The history of Western virology can be traced back to observations made by Mary Wortley Montagu (1689-1762) amongst harems in the Ottoman Empire. The wife of the ambassador to Constantinople, Wortley Montagu observed how through the practice of inoculation—also referred to as variolation—smallpox immunity was obtained by injecting a healthy person with pox puss from a sick individual.
Since her brother had died from the disease in England and she herself had been very ill from it, the young woman wanted to spare her children from such pain and suffering. She wrote letters home sharing her observations. Initially dismissed by racist doctors as “eastern medicine,” such practices were regarded as inferior forms of treatment compared to those known in the West. Thanks to Wortley Montagu’s persistence and lobbying work, however, the practice soon found resonance in England, consequently making great medical strides possible.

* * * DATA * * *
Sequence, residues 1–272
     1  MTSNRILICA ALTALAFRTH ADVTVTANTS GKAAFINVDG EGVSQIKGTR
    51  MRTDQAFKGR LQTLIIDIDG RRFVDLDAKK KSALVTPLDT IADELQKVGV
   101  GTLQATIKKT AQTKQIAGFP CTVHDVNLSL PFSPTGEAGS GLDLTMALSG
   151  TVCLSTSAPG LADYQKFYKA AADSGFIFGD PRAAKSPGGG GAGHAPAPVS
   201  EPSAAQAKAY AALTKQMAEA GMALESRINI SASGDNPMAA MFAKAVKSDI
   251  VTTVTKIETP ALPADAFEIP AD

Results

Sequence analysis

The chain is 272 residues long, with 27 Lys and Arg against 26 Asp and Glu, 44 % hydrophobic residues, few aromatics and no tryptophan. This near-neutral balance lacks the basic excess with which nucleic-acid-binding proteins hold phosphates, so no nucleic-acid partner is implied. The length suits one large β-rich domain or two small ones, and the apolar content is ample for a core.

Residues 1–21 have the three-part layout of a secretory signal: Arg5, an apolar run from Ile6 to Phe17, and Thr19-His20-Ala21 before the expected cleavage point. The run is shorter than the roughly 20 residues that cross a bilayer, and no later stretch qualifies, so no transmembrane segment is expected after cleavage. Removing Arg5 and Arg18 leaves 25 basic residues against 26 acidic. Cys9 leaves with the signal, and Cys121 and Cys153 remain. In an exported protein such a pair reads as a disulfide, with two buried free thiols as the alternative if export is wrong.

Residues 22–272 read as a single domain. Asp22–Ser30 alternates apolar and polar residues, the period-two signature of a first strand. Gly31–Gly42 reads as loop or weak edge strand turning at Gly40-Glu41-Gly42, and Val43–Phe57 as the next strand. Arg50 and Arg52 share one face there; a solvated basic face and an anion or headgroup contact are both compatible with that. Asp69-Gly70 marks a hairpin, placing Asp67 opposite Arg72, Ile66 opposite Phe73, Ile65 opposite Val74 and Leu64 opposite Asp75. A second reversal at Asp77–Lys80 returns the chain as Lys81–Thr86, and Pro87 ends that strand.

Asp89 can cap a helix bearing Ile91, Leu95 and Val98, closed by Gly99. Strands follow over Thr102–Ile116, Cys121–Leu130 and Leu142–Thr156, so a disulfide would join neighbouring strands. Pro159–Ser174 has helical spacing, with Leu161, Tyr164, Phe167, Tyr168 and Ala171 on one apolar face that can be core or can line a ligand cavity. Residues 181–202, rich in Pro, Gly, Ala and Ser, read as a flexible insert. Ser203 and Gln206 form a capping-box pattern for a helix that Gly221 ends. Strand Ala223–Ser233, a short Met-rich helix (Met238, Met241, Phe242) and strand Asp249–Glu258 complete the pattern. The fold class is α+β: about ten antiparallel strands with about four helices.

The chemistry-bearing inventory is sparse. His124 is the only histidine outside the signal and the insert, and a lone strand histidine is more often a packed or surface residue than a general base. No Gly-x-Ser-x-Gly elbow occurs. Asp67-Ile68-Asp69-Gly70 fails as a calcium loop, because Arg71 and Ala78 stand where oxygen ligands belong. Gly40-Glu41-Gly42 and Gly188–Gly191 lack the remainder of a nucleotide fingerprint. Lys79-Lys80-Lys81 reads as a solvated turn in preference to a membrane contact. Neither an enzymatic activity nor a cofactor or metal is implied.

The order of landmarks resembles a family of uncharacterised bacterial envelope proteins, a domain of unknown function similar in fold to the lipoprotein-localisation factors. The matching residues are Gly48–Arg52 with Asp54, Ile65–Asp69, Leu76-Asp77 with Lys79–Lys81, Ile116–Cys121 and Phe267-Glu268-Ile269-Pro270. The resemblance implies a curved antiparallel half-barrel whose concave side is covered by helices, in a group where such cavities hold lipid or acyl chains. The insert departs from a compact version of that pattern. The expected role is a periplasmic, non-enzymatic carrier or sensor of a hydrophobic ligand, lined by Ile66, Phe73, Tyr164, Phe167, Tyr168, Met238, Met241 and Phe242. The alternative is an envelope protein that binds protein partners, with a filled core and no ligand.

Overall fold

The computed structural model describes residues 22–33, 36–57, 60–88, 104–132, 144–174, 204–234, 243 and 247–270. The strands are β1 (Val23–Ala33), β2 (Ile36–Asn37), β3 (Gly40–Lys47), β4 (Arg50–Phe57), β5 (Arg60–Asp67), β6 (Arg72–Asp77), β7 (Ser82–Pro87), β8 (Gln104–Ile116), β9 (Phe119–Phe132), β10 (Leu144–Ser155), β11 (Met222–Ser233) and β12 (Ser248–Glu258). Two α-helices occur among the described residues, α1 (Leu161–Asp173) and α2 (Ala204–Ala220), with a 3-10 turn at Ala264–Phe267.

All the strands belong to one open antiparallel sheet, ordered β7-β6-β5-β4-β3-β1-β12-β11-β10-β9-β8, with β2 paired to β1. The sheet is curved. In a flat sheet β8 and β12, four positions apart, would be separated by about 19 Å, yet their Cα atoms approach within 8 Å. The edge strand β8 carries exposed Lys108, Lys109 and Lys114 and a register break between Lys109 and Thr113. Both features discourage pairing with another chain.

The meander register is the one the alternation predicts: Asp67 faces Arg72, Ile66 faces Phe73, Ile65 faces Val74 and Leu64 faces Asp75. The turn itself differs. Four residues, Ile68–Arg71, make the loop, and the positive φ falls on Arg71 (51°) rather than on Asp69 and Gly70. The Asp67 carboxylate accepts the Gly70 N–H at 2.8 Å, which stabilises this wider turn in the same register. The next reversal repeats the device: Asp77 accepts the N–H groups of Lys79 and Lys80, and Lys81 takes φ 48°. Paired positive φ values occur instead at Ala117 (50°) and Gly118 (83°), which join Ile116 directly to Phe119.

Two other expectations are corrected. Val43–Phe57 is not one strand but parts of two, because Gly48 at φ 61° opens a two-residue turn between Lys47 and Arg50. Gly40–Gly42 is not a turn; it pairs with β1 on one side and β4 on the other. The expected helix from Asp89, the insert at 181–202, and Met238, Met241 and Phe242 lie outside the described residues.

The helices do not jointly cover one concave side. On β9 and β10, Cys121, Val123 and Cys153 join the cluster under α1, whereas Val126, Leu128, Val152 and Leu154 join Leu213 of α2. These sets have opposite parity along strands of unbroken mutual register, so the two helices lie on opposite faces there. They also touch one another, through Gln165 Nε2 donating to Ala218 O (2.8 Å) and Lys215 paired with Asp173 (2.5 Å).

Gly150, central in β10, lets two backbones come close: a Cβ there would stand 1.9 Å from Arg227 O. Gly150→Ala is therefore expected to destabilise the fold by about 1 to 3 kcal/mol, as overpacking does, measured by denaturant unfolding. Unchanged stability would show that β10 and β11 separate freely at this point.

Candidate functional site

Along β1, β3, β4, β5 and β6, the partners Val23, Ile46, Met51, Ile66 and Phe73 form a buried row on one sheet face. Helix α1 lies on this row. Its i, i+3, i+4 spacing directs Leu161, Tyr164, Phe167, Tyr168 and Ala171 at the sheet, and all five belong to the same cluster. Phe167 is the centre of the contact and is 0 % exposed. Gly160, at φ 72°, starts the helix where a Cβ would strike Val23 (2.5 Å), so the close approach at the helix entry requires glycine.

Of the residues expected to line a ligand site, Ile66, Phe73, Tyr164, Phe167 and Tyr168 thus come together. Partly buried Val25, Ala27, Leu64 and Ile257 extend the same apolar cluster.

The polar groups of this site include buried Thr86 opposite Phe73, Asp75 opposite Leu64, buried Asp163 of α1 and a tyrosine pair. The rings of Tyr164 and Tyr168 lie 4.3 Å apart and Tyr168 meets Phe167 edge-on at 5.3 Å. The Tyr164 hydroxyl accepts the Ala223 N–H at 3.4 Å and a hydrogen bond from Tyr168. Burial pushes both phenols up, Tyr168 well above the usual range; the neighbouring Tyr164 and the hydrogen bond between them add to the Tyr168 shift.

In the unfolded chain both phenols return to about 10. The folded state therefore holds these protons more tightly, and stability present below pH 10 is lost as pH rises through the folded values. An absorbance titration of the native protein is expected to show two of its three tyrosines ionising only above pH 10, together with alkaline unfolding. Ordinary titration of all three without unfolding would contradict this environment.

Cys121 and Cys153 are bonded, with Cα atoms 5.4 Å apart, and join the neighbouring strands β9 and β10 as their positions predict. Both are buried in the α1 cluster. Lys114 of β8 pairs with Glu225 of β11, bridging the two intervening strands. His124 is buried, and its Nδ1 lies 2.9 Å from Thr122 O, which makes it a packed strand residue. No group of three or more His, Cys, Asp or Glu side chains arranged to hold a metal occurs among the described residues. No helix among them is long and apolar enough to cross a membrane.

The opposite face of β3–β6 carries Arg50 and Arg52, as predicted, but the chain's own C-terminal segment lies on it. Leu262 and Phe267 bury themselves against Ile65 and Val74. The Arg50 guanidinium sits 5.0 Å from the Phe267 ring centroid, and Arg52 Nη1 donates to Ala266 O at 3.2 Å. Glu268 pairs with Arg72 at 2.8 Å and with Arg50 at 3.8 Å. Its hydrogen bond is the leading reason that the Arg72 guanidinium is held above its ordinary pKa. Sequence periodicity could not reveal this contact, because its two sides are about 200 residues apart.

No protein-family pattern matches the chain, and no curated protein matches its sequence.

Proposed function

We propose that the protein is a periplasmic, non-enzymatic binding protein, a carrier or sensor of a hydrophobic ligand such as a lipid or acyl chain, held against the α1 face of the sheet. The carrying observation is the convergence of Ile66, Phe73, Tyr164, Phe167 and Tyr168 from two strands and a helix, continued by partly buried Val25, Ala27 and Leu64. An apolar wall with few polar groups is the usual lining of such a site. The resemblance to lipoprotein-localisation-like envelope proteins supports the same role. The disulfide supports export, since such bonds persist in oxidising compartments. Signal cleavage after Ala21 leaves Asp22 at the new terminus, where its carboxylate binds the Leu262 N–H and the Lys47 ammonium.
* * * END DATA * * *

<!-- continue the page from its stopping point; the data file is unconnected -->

The image comes from an eighteenth-century Japanese medical manuscript.